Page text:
Biden extends Trump’s solar tariffs with key exemptions

By David Iaconangelo | 02/04/2022 01:27 PM EST

Biden doubled an annual import quota for foreign-made solar cells and excluded a special double-sided type of solar panel from the tariffs. 

This July 18, 2018, file photo shows a portion of the largest solar installation in New York City in the borough of Staten Island in New York.

President Biden extended the Trump administration’s tariffs on imported solar energy equipment by four years. AP Photo/Seth Wenig, File

President Biden announced today he would extend the Trump administration’s tariffs on solar imports for another four years, but with key exemptions that pleased developers and disappointed U.S. manufacturers.

In a presidential proclamation, Biden kept tariffs on solar panels made outside the U.S., saying they were still necessary to protect domestic producers.

That defied the wishes of the solar industry’s main trade group, which has long sought a repeal of the tariffs, arguing they would dampen growth.


Under the Biden administration’s vision for a carbon-free grid by 2035, solar would become the nation’s biggest power resource. The president gave a nod to the risk that tariffs could slow solar’s growth. “I have determined that an extension of this safeguard measure will provide greater economic and social benefits than costs,” he wrote in the proclamation.

But Biden also took two important measures to liberalize international trade in solar products: He doubled an annual import quota for foreign-made solar cells, which had not previously been exceeded, and excluded a special double-sided type of solar panel from the tariffs.

Those two carve-outs won applause from the Solar Energy Industries Association (SEIA), which said it was “grateful to the Biden administration for clearly considering the range of issues affected by this decision.”

Abigail Ross Hopper, SEIA’s president, said the group would turn its attention to promoting legislation that creates long-term incentives for domestic solar manufacturing. “This is how we will ensure the legacy of American solar manufacturing for many decades to come,” she said.

Several U.S. manufacturers, however, lamented the carve-outs, saying they undermined the effectiveness of the tariff protections.

Auxin Solar Inc., a California-based panel producer that had petitioned the White House for four more years of tariffs, said the exclusions meant Biden’s proclamation was worth “not much more than the paper it is written on.”

“Gutting the safeguard this way makes it almost impossible to believe that we will ever produce solar cells, solar wafers or polysilicon for solar production in this country ever again,” said Auxin’s CEO, Mamun Rashid.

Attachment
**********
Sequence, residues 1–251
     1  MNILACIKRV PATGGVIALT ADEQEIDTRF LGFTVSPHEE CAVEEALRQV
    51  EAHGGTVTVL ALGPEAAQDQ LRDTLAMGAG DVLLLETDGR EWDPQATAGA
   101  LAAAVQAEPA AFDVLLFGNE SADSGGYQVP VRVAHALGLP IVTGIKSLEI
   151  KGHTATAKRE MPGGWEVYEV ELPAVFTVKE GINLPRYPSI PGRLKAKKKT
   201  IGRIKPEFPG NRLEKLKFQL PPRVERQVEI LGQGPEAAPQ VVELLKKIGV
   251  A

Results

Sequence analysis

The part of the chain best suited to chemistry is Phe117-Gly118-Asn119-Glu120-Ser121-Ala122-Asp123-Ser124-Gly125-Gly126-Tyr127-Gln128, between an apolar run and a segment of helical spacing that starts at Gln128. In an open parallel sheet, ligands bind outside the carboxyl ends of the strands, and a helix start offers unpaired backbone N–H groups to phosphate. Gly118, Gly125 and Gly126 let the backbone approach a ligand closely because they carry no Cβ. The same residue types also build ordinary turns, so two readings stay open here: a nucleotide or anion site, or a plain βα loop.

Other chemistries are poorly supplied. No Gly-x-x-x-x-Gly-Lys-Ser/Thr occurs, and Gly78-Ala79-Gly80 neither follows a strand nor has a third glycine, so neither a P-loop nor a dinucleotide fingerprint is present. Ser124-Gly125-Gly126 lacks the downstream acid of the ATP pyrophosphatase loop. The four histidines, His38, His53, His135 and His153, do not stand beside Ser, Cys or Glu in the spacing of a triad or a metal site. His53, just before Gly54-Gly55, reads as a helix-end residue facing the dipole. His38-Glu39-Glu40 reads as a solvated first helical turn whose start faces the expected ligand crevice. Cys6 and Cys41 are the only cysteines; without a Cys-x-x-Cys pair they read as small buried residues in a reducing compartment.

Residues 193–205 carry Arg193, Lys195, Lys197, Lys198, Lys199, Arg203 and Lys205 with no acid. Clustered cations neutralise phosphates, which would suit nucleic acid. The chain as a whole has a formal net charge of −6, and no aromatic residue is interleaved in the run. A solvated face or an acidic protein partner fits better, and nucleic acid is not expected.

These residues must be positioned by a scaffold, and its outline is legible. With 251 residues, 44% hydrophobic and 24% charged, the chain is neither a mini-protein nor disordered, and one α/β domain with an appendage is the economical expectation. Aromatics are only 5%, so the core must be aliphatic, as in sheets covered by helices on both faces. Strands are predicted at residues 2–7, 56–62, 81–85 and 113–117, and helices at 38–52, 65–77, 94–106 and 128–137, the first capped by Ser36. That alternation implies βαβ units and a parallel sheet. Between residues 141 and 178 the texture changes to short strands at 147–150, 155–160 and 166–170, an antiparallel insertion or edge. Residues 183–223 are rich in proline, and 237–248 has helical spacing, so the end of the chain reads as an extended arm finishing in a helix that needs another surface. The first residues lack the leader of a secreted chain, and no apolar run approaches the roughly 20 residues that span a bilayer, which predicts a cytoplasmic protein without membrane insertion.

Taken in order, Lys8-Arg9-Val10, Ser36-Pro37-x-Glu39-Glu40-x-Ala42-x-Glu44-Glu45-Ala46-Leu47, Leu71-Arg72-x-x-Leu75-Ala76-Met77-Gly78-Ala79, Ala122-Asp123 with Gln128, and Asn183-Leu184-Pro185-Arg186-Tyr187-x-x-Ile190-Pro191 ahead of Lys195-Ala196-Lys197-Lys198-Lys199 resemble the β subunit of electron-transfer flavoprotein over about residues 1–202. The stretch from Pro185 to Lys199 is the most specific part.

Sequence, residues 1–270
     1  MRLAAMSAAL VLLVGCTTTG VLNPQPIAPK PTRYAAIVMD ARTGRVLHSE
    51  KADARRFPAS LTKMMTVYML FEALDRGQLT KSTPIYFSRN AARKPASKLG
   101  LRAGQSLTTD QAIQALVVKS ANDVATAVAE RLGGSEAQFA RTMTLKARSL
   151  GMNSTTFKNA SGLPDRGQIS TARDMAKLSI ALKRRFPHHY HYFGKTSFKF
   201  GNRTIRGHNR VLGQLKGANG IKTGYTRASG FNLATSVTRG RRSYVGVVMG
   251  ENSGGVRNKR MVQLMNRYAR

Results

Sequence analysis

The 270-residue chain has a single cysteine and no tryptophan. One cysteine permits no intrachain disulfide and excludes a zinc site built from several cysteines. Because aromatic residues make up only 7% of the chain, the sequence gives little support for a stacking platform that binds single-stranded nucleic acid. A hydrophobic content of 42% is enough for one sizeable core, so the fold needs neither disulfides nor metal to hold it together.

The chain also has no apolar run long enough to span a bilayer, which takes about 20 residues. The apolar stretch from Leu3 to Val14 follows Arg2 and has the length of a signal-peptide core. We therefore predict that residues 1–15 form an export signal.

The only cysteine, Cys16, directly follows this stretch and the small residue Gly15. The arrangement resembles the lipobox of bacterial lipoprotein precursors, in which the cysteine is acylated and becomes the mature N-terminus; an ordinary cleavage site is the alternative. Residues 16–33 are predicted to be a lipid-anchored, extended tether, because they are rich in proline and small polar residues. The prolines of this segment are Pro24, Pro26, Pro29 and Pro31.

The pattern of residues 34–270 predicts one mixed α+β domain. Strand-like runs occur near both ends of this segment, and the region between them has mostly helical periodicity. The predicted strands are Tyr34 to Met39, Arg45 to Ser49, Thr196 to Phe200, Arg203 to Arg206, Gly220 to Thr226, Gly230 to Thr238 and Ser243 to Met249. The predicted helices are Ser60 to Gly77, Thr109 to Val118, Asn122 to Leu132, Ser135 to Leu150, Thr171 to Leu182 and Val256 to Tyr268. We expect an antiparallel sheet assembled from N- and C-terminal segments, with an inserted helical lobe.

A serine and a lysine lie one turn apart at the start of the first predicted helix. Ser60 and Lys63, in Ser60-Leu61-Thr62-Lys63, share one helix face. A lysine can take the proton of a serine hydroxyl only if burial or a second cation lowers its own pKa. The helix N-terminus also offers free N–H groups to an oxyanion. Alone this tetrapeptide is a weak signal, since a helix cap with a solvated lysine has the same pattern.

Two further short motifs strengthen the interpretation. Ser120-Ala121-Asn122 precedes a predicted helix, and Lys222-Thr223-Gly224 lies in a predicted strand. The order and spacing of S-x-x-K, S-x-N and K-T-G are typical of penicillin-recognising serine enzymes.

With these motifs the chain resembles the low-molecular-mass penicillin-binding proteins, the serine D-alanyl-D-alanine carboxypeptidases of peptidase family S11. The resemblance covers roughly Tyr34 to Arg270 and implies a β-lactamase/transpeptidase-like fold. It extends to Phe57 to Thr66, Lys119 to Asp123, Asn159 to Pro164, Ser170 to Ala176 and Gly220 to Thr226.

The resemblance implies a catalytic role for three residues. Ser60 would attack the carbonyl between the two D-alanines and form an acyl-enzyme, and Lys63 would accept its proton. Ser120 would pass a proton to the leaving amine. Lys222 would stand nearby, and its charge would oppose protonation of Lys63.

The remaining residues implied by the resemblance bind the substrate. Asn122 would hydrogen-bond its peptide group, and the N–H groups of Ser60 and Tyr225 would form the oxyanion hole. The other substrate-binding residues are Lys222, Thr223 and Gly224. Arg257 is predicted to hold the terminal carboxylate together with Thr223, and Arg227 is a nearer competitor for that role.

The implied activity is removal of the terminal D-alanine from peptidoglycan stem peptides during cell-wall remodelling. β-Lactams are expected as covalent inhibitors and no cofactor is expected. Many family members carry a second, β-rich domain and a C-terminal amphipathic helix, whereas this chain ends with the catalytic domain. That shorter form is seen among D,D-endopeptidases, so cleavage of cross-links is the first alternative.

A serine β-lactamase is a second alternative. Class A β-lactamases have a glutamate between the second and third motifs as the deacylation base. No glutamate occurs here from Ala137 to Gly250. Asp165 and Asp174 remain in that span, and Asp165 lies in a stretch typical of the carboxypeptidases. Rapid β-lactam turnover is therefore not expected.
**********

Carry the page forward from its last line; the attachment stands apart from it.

Hanwha Q Cells America Inc., a Georgia-based subsidiary of a South Korean company that produces the double-sided or “bifacial” panels and other solar products, said the bifacial exclusion would not help deploy more solar in the U.S.

“Unfortunately, this decision will make it meaningfully harder to create good-paying solar manufacturing jobs in the U.S. and build our clean energy future in America,” said the company’s general counsel, Andy Munro.

The decision creates a line of continuity on solar trade policy between Biden and his two predecessors, who sought to grow a U.S. base of panel manufacturers through tariffs that raised the cost of cheap imports — most of which come from Chinese companies.

The proclamation is also likely to be a defining one for the Biden administration’s energy agenda, pitting its goals of 100 percent clean power versus an emphasis on U.S. manufacturing and green jobs.

Last September, the Energy Department released a blueprint for solar’s share of a carbon-free grid, envisioning it as making up 37 to 42 percent of all electricity in the U.S. — about 10 times its current share.

But one official review of Trump’s version of solar tariffs, which largely resembled what Biden imposed today, turned up evidence that U.S. manufacturing of solar panels was beginning to respond to the existence of protections.

In a 2020 review, the U.S. International Trade Commission noted that several major panel manufacturers had opened new facilities in the U.S. since the tariffs went into effect, although domestic cell producers had continued to struggle.

Biden’s carbon-free goals had initially awoken solar developers’ hopes for a full repeal of Trump’s tariffs.

Those hopes dimmed over the course of Biden’s presidency, however, as the administration’s lawyers defended Trump’s policies in court — including a move to extend tariffs to bifacial panels, which can produce electricity from the shadowed side at a small cost premium.

Biden’s decision had also attracted scrutiny from both parties in Congress, although their stances weren’t neatly partisan. On Jan. 19, one group of eight bipartisan senators warned Biden against hurting solar’s growth with a tariff extension and emphasized a different program of incentives for domestic manufacturing.

A day later, a separate, six-senator bipartisan group argued the opposite, calling it “in our national interest to support American workers whose jobs are threatened by surging imports”.

Reporter Kelsey Brugger contributed.